"Alas," said d'Avrigny, "she is indeed dead, poor child!"
"Yes," answered the doctor laconically, dropping the sheet he had raised.
Noirtier uttered a kind of hoarse, rattling sound; the old man's eye_parkled, and the good doctor understood that he wished to behold his child.
He therefore approached the bed, and while his companion was dipping th_ingers with which he had touched the lips of the corpse in chloride of lime, he uncovered the calm and pale face, which looked like that of a sleepin_ngel. A tear, which appeared in the old man's eye, expressed his thanks t_he doctor. The doctor of the dead then laid his permit on the corner of th_able, and having fulfilled his duty, was conducted out by d'Avrigny.
Villefort met them at the door of his study; having in a few words thanked th_istrict doctor, he turned to d'Avrigny, and said, — "And now the priest."
"Is there any particular priest you wish to pray with Valentine?" aske_'Avrigny.
"No." said Villefort; "fetch the nearest."
"The nearest," said the district doctor, "is a good Italian abbe, who live_ext door to you. Shall I call on him as I pass?"
"D'Avrigny," said Villefort, "be so kind, I beseech you, as to accompany thi_entleman. Here is the key of the door, so that you can go in and out as yo_lease; you will bring the priest with you, and will oblige me by introducin_im into my child's room."
"Do you wish to see him?"
"I only wish to be alone. You will excuse me, will you not? A priest ca_nderstand a father's grief." And M. de Villefort, giving the key t_'Avrigny, again bade farewell to the strange doctor, and retired to hi_tudy, where he began to work. For some temperaments work is a remedy for al_fflictions. As the doctors entered the street, they saw a man in a cassoc_tanding on the threshold of the next door. "This is the abbe of whom _poke," said the doctor to d'Avrigny. D'Avrigny accosted the priest. "Sir," h_aid, "are you disposed to confer a great obligation on an unhappy father wh_as just lost his daughter? I mean M. de Villefort, the king's attorney."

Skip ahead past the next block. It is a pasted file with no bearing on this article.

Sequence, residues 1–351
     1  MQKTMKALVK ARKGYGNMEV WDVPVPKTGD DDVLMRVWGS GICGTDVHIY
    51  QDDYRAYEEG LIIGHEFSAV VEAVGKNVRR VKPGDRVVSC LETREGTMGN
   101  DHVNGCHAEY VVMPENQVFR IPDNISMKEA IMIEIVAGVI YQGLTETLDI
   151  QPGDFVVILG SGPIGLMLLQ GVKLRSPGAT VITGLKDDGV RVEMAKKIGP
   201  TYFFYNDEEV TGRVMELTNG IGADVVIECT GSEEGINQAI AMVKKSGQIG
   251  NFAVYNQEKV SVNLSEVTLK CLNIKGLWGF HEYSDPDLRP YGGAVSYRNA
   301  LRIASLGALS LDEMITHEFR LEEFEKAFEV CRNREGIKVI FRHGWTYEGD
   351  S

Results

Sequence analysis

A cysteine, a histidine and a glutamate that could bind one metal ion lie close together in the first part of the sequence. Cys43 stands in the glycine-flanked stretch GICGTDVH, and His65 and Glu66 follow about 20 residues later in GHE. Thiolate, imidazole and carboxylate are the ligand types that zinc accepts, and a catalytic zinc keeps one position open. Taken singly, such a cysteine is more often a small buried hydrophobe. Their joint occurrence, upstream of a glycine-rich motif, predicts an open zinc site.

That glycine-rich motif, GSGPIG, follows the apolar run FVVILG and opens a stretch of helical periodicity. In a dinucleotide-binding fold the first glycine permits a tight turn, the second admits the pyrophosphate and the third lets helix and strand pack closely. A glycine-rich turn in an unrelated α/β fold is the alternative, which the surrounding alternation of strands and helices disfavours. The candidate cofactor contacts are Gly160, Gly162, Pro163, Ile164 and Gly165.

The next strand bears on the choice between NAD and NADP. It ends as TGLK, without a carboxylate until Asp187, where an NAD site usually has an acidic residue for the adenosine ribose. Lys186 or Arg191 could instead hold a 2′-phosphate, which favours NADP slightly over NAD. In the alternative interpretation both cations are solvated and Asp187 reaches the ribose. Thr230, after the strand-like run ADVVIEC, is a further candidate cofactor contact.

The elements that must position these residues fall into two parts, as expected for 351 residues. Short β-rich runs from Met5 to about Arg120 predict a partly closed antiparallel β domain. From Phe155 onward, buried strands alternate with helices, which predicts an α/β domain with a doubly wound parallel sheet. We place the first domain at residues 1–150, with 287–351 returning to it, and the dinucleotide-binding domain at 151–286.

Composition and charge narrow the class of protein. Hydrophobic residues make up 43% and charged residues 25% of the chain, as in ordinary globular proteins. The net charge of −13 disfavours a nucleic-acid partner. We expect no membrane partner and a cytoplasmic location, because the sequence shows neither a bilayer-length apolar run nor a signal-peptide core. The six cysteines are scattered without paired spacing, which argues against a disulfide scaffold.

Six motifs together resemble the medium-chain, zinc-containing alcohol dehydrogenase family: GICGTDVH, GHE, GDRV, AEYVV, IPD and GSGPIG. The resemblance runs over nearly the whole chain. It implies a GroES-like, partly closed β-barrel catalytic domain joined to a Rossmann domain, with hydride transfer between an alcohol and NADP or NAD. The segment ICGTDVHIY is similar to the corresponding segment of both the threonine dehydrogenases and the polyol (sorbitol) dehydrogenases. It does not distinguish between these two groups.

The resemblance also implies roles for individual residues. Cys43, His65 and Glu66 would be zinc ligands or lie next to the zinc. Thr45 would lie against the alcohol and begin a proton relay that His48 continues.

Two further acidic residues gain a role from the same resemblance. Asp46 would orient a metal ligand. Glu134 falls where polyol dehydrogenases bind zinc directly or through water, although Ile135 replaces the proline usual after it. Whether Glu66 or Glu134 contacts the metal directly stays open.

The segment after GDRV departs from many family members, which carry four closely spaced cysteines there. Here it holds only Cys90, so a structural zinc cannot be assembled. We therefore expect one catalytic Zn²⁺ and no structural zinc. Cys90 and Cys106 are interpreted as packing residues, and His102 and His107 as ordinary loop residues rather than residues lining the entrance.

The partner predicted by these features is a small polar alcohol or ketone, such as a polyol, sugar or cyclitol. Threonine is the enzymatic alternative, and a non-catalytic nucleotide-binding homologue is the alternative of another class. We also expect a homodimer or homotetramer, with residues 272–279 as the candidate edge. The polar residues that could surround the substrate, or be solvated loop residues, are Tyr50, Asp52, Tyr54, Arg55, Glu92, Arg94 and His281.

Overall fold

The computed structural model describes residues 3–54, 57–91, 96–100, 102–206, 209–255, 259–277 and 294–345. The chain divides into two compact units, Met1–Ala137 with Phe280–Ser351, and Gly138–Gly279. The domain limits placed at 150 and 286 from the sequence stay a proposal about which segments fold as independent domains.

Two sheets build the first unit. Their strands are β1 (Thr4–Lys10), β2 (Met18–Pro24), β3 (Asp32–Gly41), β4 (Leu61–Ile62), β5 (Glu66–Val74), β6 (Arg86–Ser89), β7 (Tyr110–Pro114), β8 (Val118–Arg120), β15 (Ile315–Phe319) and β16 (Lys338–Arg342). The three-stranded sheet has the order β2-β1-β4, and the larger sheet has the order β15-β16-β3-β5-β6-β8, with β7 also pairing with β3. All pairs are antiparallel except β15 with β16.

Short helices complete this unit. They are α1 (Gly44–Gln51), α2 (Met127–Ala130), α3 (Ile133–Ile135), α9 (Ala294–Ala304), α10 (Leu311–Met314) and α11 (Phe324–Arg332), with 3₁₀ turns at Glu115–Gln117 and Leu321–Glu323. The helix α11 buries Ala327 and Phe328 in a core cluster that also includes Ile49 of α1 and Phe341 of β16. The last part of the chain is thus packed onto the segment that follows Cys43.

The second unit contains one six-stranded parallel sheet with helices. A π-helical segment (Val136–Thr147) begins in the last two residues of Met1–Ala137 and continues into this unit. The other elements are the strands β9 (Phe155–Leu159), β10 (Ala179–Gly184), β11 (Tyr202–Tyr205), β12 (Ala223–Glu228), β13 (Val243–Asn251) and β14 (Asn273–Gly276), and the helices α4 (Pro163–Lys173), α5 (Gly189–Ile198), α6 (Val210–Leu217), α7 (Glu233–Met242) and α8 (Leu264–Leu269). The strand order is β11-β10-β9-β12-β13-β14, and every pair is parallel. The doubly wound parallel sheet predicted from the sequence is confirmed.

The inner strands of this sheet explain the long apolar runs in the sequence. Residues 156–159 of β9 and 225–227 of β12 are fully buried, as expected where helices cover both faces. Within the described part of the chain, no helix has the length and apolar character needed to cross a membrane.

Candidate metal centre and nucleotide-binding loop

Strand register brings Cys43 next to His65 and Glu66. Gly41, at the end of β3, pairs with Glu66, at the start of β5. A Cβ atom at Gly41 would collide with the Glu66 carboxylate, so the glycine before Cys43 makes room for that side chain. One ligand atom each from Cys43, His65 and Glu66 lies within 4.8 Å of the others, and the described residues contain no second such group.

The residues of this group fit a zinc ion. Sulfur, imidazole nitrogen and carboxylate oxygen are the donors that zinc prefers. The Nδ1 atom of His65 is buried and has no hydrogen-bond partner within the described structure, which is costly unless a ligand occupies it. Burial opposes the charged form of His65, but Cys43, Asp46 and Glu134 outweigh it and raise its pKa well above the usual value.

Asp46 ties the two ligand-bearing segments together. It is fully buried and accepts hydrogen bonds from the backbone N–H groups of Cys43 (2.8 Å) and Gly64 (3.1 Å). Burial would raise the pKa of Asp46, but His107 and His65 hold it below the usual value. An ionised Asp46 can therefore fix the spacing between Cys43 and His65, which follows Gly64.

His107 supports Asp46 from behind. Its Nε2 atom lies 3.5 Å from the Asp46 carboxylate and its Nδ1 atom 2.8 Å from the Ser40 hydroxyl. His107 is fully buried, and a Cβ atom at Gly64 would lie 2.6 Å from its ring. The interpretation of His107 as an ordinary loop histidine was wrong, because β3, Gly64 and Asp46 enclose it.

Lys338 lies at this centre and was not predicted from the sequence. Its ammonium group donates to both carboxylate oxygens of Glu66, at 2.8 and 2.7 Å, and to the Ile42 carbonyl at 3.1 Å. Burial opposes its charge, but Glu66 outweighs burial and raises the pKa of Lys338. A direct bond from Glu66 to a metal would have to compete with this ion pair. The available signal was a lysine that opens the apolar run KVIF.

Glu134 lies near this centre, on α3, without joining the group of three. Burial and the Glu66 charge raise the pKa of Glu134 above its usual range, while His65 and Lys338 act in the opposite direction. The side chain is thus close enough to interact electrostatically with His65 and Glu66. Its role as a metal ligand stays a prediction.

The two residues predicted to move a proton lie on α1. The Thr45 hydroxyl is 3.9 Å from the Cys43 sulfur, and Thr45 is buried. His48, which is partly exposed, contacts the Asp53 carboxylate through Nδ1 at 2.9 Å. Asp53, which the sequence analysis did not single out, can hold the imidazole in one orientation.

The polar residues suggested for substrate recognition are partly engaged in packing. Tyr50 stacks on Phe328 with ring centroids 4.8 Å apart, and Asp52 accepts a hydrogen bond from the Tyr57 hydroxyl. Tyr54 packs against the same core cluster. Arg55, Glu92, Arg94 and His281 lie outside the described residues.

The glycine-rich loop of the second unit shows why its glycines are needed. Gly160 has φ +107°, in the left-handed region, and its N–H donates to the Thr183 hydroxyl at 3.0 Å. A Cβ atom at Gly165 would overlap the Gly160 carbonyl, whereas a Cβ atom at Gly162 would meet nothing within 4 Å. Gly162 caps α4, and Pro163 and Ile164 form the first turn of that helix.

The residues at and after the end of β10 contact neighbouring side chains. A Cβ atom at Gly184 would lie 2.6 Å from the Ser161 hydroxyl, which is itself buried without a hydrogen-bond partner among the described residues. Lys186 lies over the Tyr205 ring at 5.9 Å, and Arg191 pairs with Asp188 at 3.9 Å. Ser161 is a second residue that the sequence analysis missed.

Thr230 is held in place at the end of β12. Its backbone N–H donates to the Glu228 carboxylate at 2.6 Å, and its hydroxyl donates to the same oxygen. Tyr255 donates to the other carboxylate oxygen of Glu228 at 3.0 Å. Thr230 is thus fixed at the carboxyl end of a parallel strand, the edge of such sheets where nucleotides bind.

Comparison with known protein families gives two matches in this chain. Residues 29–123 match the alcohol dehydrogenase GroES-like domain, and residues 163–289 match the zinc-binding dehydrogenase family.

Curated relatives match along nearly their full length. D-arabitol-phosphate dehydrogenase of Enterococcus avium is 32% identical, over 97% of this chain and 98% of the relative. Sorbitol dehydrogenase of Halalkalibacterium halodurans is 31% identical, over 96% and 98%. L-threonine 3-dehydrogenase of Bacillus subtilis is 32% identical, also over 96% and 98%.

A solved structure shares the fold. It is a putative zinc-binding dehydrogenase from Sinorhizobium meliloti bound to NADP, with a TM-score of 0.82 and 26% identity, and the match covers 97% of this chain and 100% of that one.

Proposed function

"Ah," said the priest, in a marked Italian accent; "yes, I have heard tha_eath is in that house."
"Then I need not tell you what kind of service he requires of you."
"I was about to offer myself, sir," said the priest; "it is our mission t_orestall our duties."
"It is a young girl."
"I know it, sir; the servants who fled from the house informed me. I also kno_hat her name is Valentine, and I have already prayed for her."
"Thank you, sir," said d'Avrigny; "since you have commenced your sacre_ffice, deign to continue it. Come and watch by the dead, and all the wretche_amily will be grateful to you."
"I am going, sir; and I do not hesitate to say that no prayers will be mor_ervent than mine." D'Avrigny took the priest's hand, and without meetin_illefort, who was engaged in his study, they reached Valentine's room, whic_n the following night was to be occupied by the undertakers. On entering th_oom, Noirtier's eyes met those of the abbe, and no doubt he read som_articular expression in them, for he remained in the room. D'Avrign_ecommended the attention of the priest to the living as well as to the dead, and the abbe promised to devote his prayers to Valentine and his attentions t_oirtier. In order, doubtless, that he might not be disturbed while fulfillin_is sacred mission, the priest rose as soon as d'Avrigny departed, and no_nly bolted the door through which the doctor had just left, but also tha_eading to Madame de Villefort's room.